Playing has a place in learning, and you can definitely address multiple goals using generic commercial games. In addition to generic commercial games (see my best board games for speech therapy post for some ideas), there are quite a few commercial learning games that target specific communication skills. You can refer to the following resources for lists of commercial board games that target specific skills:
In addition to commercial board games there are many materials created for SLPs by SLPs. Pinterest and TpT are your friends! Based on my experiences, it is better to develop and maintain consistent expectations but to diversify the activities. Whatever you do, don’t be intimidated by the challenge. Rise up to the challenge and soar like an eagle because you’re an:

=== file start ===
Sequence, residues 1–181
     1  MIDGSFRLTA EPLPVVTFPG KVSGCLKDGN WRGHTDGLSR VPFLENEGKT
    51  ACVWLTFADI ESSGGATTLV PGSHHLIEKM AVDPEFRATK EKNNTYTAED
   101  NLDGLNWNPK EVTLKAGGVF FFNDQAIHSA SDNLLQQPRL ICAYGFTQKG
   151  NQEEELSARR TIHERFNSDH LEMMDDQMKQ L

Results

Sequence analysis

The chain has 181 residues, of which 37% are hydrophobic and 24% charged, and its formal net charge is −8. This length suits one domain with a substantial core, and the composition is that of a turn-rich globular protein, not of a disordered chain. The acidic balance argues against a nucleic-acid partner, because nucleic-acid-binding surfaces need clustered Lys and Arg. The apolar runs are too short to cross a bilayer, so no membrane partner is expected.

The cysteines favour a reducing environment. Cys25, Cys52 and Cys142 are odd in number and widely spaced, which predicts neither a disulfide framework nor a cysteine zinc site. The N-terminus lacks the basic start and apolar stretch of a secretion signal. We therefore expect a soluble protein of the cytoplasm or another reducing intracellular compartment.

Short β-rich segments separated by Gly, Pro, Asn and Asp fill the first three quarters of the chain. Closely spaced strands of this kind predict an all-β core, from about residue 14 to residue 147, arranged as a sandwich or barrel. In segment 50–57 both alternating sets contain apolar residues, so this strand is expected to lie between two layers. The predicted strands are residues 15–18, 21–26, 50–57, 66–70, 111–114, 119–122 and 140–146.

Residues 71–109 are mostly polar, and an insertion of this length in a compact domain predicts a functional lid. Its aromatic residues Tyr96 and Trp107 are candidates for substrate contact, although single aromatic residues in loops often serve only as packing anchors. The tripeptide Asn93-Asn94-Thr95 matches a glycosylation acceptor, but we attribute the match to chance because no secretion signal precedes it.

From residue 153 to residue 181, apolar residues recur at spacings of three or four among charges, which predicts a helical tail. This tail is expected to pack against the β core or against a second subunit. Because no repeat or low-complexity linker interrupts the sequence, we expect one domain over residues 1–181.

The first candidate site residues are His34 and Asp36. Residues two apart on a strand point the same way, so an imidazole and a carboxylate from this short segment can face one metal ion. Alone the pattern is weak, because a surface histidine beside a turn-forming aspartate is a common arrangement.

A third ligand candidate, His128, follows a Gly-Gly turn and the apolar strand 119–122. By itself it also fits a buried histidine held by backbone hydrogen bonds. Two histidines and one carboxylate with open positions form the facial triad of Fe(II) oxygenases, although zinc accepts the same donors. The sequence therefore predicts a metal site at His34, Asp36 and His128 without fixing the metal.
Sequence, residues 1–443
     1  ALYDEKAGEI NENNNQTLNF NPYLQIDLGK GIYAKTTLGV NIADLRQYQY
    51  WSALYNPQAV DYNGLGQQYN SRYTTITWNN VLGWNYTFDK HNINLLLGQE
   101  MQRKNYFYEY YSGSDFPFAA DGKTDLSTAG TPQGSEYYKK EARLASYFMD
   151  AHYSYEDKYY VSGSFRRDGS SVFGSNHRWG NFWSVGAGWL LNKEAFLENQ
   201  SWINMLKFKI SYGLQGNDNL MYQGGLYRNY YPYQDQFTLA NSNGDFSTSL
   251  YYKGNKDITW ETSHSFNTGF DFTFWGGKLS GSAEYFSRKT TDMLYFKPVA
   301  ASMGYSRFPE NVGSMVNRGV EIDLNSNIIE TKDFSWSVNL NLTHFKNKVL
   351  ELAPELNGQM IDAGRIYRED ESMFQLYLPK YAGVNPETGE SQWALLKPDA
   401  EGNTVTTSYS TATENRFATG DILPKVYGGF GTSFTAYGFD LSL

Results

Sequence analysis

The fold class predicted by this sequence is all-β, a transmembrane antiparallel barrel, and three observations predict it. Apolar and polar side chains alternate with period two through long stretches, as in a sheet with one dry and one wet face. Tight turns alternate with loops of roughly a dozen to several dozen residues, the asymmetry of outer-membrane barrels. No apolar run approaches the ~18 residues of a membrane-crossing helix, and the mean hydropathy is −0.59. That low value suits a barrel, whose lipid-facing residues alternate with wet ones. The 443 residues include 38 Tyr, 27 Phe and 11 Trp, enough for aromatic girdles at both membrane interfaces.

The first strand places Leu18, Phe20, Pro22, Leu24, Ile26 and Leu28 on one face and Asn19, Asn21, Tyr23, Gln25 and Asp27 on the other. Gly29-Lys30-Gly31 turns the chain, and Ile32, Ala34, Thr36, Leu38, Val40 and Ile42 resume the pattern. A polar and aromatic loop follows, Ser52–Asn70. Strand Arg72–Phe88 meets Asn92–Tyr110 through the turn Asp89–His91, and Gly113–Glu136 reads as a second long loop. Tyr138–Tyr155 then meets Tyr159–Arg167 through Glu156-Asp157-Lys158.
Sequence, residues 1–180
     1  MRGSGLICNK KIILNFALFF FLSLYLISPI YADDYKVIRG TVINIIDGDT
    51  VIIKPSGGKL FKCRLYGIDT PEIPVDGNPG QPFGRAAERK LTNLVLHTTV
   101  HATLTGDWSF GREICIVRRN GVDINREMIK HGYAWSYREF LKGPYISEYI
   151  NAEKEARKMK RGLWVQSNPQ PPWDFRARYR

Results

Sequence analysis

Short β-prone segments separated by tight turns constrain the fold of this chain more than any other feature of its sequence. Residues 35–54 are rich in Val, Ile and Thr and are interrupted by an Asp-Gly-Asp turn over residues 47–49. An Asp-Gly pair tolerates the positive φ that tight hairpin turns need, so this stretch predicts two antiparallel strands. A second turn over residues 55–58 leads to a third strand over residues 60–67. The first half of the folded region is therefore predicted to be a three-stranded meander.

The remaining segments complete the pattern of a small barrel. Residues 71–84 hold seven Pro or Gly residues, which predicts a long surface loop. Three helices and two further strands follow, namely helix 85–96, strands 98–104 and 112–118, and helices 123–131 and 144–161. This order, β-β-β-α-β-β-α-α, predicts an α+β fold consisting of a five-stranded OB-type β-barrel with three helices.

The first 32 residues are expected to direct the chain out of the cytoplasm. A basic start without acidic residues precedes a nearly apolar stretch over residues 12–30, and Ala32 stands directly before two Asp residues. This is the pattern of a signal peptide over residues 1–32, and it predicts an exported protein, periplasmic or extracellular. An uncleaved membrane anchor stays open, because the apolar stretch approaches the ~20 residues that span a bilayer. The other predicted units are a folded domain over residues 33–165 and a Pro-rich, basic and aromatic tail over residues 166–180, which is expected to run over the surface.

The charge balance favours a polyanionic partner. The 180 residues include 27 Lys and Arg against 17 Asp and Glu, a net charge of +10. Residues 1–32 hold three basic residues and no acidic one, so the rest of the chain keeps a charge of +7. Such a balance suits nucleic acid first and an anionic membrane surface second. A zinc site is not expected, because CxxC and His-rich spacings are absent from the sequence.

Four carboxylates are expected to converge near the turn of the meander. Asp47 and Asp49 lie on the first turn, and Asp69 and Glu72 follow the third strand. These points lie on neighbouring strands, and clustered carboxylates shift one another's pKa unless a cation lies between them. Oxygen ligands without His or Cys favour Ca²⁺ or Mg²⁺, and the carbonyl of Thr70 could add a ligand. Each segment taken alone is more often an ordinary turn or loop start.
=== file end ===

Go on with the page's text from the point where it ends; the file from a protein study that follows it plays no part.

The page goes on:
Bio: Truvine Walker obtained her undergraduate and graduate degrees in Speech-Language Pathology on the beautiful campus of Valdosta State University in Valdosta, GA. After 3 years of working in the public schools in northern Virginia, Truvine decided to broaden her horizons and explore the world of travel therapy. As a traveling SLP, Truvine has worked in schools, hospitals, skilled nursing facilities, outpatient clinics, and inpatient rehabilitation facilities in a total of 8 different states. Truvine is finishing up her 17th year as an SLP, and is just as excited about the profession as she was in the very first year. In addition to loving learning about all things speech and language, Truvine loves bowling, reading, sightseeing, spending time with family, and of course, traveling.